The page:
The Common Type System

There are five types that are defined by the .NET Common Type System (CTS), class, interface, structure, enumeration and delegate.

CTS Class Types

The class is the cornerstone of object oriented programming and can be composed of any number of members (such as constructors, properties, methods and events). Classes are declared using the class keyword, the following is an example:

// A C# class type with 1 method.
class Calc
{
     public int Add(int x, int y)
     {
          return x + y;
     }
}

CTS Interface Types

Interfaces are nothing more than a named collection of abstract member definitions, which may be supported by a given class or structure. By convention, all .NET interfaces begin with a capital letter I, as in the following example:

// A C# interface type is usually
// declared as public, to allow types in other
// assemblies to implement their behavior.
public interface IDraw
{
     void Draw();
}

CTS Structure Types

Structures are basically lightweight class types having value-based semantics. the following is an example of a structure:

// A C# structure type.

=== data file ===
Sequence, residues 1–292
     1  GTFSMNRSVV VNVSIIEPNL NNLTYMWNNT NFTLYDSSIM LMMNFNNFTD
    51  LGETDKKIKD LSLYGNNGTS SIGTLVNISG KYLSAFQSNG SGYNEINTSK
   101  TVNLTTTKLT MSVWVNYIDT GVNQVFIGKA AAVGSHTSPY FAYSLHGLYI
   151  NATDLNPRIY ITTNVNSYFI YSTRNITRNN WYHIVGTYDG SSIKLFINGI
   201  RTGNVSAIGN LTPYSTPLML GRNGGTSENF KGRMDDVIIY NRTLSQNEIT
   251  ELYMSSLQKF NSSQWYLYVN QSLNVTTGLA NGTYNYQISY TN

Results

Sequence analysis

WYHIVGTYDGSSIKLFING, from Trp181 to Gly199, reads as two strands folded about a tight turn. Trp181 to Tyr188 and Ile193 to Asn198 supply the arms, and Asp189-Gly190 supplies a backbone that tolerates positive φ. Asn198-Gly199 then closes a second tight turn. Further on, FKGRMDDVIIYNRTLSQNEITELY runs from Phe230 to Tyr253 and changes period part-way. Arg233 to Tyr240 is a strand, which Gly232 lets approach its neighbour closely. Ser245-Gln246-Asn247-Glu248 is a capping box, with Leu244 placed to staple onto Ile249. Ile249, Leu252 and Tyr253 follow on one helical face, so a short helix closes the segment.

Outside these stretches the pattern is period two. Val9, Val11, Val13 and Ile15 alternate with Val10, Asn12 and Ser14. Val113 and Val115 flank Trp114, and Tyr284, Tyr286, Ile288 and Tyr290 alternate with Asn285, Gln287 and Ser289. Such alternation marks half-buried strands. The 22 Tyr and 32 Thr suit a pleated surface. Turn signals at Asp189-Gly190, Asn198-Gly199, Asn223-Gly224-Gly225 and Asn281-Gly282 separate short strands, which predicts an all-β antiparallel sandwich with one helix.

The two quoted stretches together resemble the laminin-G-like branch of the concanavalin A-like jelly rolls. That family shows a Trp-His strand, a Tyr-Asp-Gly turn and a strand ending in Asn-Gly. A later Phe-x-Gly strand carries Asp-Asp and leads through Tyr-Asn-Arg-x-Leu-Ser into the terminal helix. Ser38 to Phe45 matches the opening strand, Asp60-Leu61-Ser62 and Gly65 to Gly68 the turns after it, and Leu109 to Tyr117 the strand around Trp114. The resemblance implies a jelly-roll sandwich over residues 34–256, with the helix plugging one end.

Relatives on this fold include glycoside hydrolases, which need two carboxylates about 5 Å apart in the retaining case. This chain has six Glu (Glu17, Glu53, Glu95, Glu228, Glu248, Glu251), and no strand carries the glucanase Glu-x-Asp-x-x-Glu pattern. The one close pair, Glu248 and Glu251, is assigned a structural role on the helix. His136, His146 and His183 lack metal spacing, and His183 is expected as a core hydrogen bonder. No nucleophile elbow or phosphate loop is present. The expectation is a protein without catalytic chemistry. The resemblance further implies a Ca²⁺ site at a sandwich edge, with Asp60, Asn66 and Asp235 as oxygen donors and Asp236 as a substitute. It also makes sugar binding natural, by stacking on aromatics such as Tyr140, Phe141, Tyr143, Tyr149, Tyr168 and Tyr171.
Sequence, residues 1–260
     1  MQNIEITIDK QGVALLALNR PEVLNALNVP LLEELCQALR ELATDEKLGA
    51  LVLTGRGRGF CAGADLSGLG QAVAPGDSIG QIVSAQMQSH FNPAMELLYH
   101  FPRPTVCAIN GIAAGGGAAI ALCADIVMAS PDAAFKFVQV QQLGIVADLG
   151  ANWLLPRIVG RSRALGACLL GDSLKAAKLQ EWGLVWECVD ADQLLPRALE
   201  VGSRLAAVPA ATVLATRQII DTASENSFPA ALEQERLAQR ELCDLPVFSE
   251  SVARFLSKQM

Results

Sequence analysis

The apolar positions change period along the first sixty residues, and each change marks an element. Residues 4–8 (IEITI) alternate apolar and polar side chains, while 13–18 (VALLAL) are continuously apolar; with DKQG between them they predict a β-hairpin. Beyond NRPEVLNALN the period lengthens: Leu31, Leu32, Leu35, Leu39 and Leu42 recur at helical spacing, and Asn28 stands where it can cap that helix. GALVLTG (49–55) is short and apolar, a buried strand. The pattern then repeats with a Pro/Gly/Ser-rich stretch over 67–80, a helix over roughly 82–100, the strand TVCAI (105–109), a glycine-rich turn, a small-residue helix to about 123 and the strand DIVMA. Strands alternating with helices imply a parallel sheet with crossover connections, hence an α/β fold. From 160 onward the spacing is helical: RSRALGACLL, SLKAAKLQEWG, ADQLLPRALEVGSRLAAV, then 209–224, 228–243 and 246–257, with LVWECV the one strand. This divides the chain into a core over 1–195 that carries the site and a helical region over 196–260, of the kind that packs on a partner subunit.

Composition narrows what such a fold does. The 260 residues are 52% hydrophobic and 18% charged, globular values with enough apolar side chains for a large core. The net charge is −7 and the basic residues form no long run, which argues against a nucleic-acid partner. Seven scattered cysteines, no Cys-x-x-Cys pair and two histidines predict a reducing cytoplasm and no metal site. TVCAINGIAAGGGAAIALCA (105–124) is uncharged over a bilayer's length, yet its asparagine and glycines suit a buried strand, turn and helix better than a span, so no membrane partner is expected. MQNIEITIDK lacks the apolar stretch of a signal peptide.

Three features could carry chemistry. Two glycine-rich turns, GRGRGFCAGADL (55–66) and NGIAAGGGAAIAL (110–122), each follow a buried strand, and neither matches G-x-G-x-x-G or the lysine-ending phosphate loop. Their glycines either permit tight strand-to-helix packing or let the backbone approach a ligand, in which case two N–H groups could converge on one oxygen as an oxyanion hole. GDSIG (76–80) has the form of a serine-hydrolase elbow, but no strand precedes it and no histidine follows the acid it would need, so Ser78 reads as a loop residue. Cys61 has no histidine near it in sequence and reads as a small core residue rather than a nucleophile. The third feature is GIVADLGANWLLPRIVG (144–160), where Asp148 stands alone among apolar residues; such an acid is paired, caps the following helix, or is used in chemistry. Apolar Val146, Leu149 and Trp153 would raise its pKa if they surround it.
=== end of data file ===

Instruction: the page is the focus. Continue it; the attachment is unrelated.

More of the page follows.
struct Point
{
     // Structures can contain fields.
     public int xPos, yPos;

     // Structures can contain parameterized constructors.
     public Point(int x, int y)
     { xPos = x; yPos = y;}

     // Structures may define methods.
     public void PrintPosition()
     {
          Console.WriteLine("({0}, {1})", xPos, yPos);
     }
}

CTS Enumeration Types

Enumerations are a handy programming construct that allow you to group name-value pairs. For example, assume you are creating a video game application that allows the player to select one of three character categories (Wizard, Fighter, or Thief). Rather than keeping track of simple numerical values to represent each possibility, you could build a strongly typed enumeration using the enum keyword.

// A C# enumeration type.
enum CharacterType
{
     Wizard = 100,
     Fighter = 200,
     Thief = 300
}

CTS Delegate Types

Delegates are the .NET equivalent of a type-safe, C-style function pointer. The key difference is that a .NET delegate is a class that derives from System.MulticastDelegate, rather than a simple pointer to a raw memory address. In C#, delegates are declared using the delegate keyword.

// This C# delegate type can "point to" any method
// returning an int and taking two ints as input.
delegate int BinaryOp(int x, int y);

Delegates are critical when you want to provide a way for one object to forward a call to another object and provide the foundation for the .NET event architecture.

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